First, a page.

Alexandr: Before this project came to life, there was some effort in a feminist group that a few of us girls should get together, throw a party, and support each other’s music projects. We had a meeting planned but, in the end, only Nikki (Yinna) and I went. Originally we wanted a DJ collective with more artists like DISCWOMAN or female:pressure, but then we decided to do it as we are and it became our DJ/organizer project.

Your DJ sets seem to comprise quite a broad variety of musical styles. Can you tell us a bit about your respective musical development, how you came to electronic music, started DJing etc.?

Alexandr: I became a music collector in my teens, since we have internet at home. This hasn’t changed a bit. Sitting in a room and discovering music for days on end, nothing tunes me out like that. Electronic music has been a special love from the beginning, although I like all kinds of music. But it was totally accidental that i became a DJ. There was an alternative/indie party going on in Budapest with lesbian audience back then and I liked showing my music to the DJs there. It just never occurred to me that this would make me a DJ too. After a while they asked me why I am not playing at their parties instead. Everything started there. I love showing my music and talking about it, that’s it. The rest came later, and the last few years have been about finding my own sound. I’ve always loved DJ mixes, I practically grew up listening to them. As a DJ my primary goal is to play my tracks that I gathered from many different directions in the right order, because that’s what makes it or breaks it. I play a more conservative fusion of house and techno under my own name, and I bring my more frantic self to the front in A C I D W I T C H, a more visceral, rough, dark but unchained side.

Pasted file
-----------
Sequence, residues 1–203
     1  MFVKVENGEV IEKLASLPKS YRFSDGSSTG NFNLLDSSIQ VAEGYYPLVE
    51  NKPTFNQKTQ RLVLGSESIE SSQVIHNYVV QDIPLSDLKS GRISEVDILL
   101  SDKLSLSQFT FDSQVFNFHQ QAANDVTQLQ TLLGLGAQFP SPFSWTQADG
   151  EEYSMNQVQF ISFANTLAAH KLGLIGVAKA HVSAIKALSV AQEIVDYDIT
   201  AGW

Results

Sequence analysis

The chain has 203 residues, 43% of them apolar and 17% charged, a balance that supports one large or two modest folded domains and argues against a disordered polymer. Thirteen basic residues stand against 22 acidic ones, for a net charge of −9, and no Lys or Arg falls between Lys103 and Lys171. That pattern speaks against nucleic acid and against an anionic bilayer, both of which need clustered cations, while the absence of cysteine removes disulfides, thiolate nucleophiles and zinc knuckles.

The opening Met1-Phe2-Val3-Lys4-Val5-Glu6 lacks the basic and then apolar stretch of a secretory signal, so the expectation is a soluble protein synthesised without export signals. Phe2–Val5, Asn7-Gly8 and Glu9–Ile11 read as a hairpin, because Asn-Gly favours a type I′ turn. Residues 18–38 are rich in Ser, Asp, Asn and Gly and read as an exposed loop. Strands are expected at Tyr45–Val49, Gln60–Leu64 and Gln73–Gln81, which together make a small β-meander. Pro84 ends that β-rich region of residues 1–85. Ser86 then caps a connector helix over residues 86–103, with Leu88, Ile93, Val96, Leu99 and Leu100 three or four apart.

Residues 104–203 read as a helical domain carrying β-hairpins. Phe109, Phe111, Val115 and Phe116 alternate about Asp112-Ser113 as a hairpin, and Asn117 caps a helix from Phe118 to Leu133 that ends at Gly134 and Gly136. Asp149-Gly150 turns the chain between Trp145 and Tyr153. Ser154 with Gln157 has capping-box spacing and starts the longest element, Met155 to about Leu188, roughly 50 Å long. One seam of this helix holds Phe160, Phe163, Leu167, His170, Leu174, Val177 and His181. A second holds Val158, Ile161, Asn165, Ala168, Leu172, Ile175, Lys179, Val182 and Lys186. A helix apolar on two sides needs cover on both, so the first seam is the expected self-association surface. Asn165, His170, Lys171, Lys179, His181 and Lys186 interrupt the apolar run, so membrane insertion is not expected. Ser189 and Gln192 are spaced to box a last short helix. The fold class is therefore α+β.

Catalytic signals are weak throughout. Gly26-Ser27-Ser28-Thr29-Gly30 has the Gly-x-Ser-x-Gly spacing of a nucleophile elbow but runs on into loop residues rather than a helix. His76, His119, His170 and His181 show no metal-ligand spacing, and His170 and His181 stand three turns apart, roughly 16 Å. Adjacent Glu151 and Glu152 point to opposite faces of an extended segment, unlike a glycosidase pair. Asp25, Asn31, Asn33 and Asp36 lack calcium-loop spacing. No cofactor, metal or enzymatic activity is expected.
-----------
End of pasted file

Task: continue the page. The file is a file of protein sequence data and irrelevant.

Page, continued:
Yinna: Hahaha, my story is a classic one, in my teens I loved rock music but after my first psychedelic experiences I turned towards electronica. Now I still listed to lots of psychedelic stuff besides electronic music, I’m interested in the intersection of these genres as a producer and as a DJ. I found myself in outsider things in the past years - I don’t mean that kind of lo-fi house that’s become mainstream and boring, but everything outside of this. The DJ thing came pretty early, back then there was a vibrant club life here in Hungary. I remember my friends couldn’t really party with me because I would spend half of the night in the first row, watching what the DJ is doing. Then I had a bit of luck, I managed to put my hands on two turntables when I was 17, and I never really left them alone for a few years.

You are based in Budapest and there seem to be a lot of interesting things going on there in the electronic music world recently. How do you experience the music scene in Budapest and how do you think your projects fits into the whole thing?